That is not what happened this week. All of the walleyes got the memo. We did not!
Complicating our guiding puzzle, the walleyes that did move shallow did not move shallow into the usual “summer weed bite weed beds.” Only about 10% of the main lake cabbage weed edges were holding walleyes. The ones that did were loaded. The rest were empty or had a few micros.
Personally, this was my most difficult guiding week of the year. Even though I was armed with the knowledge of how we have solved these puzzles in the past, there were several days that I flat out failed. Fortunately, I am surrounded by a bunch of clever guides that hate to lose as much as I do and eventually, we came up with a solution.
Last week the answer was scan, screen, and dead stick light jigs down deep on main lake rock or sand. This week, the answer was move as fast as you can with jigs and Gulp of varying sizes to identify areas holding active walleyes. Find enough active spots, and sort long enough, and you found big walleyes as well. More than 90% of our walleyes this week were caught between 8 – 15 ft. of water. Guides that know our history and were hunting big fish, ignored initial reports and stuck to deep water. This week, we caught most of our 27s and 28s in less than 12 ft.
The stats took a hit this week. We caught and released 37 walleyes over 27 in., including 3 – 28s and 1 – 31. Volume is hard to talk about. Guide sheets were up and down, but we averaged less than 30 walleyes over 18 in. per boat per day.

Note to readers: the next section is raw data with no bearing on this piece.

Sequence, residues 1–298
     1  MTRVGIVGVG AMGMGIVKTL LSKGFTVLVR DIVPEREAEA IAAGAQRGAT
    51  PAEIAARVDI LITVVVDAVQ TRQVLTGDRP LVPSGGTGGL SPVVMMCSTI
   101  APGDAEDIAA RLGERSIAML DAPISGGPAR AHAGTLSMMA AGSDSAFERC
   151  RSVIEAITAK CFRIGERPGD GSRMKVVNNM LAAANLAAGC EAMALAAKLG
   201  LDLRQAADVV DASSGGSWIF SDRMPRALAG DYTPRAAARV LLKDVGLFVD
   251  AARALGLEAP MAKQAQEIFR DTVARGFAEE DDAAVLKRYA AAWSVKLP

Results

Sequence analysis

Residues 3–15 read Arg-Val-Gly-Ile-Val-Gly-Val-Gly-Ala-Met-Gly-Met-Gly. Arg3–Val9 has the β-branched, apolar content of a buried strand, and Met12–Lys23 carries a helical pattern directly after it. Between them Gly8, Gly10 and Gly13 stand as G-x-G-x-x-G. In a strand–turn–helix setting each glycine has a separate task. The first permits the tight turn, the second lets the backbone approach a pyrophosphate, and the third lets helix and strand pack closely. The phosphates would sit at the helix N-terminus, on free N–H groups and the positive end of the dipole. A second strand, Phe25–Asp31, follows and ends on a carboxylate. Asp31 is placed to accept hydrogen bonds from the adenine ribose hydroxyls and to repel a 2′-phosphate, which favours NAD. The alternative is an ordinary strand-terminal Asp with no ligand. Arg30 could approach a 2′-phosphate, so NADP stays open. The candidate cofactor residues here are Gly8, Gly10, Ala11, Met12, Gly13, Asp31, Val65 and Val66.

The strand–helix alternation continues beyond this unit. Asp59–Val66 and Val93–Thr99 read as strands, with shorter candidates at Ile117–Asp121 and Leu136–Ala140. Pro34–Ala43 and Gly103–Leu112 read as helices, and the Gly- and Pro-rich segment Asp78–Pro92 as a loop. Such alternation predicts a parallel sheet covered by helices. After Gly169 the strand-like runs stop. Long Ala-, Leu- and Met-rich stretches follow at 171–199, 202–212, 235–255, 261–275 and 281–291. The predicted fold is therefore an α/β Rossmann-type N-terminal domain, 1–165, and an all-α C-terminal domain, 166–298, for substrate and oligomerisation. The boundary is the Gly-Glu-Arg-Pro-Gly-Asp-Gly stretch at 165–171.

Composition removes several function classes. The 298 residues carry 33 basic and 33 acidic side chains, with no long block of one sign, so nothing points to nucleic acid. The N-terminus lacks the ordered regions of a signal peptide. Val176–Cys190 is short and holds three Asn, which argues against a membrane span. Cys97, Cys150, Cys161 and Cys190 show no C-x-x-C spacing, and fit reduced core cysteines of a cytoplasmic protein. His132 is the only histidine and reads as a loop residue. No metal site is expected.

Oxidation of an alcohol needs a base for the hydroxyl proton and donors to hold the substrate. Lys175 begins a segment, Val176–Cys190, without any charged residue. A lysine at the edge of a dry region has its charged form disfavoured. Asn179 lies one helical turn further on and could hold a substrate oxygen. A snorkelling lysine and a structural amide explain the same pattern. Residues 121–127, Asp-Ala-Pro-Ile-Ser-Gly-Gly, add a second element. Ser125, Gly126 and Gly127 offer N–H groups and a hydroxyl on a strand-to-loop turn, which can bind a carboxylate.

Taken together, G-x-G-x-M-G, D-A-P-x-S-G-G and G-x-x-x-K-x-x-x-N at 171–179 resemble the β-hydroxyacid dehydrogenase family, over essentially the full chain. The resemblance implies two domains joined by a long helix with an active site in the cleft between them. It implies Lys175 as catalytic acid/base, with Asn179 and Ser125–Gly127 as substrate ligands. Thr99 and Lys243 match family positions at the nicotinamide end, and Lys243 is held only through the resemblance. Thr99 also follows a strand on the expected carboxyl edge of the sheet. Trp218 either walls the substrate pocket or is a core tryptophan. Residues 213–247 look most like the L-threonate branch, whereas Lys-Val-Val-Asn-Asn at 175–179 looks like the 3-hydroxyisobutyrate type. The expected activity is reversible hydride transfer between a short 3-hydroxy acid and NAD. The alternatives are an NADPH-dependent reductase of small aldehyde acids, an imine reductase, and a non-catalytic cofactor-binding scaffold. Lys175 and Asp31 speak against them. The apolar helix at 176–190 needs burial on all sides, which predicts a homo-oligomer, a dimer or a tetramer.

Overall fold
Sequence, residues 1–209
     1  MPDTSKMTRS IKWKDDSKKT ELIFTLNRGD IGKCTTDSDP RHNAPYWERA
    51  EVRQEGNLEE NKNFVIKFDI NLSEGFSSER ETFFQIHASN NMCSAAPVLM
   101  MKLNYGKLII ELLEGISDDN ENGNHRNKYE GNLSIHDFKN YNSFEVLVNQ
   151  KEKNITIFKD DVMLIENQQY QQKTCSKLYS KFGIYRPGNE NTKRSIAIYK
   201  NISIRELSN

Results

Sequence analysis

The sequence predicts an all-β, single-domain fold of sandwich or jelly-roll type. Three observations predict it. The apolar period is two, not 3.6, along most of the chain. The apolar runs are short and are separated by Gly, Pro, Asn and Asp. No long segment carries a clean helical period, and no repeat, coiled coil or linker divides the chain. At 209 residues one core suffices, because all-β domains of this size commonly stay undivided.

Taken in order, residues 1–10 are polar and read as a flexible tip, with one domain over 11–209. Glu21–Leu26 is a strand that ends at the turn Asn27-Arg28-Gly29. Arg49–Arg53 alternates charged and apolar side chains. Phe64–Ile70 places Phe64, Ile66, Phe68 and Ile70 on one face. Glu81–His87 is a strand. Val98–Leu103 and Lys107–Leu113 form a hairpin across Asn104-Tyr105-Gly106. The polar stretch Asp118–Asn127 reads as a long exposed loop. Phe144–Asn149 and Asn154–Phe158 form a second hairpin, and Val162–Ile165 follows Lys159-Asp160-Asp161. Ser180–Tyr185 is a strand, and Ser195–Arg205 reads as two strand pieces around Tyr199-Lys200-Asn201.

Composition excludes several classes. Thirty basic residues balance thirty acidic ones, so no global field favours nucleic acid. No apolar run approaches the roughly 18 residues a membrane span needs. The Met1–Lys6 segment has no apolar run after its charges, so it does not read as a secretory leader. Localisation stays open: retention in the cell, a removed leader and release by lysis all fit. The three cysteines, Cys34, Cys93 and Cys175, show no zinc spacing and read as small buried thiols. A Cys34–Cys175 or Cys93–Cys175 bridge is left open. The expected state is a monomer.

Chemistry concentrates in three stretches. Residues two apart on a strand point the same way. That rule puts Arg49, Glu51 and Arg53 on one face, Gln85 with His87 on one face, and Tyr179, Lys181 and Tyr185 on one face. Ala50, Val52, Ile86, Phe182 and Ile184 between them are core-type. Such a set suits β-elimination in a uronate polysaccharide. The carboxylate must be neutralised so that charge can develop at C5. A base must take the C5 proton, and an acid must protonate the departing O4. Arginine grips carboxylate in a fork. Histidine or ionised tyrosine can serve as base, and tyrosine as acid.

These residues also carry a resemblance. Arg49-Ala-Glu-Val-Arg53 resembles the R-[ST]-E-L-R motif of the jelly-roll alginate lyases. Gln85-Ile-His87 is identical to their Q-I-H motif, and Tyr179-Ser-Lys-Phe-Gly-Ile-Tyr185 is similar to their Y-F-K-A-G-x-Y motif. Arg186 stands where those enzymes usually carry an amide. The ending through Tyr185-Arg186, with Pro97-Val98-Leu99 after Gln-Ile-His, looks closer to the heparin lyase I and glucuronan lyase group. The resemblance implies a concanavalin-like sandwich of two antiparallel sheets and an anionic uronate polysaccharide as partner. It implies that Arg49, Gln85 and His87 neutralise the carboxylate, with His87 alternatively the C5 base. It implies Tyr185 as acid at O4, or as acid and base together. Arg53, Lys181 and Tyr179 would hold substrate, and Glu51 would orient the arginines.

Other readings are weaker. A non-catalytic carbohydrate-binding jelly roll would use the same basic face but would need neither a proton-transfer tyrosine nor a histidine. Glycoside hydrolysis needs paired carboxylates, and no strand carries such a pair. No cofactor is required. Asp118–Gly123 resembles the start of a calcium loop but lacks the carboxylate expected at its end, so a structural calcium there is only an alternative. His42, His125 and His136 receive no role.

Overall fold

Several guide boats convinced their guests to shift gears to chase pike and their results were good. For the few boats casting, we caught and released 13 pike over 37 in., including 4 – 38s, 2 – 39s, 2 – 40s, and 1 – 41. The Williams Whitefish was hard to beat and was the number one producer this week.
The Take away: There was some debate amongst the guide staff about whether we should showcase a guide with the front-page fish photo. I vetoed the argument. Many of our guide training teaching points are focused on the principle – “That it is not about the guide…. – it is about the guest.” And that remains true, but I don’t care who catches a world class walleye. That photo is front and center. If you have read this far into my fishing report, then I am guessing that you are just like me, and you don’t come to Canada expecting to catch a 30 in. walleye. We both just want to fish where they live.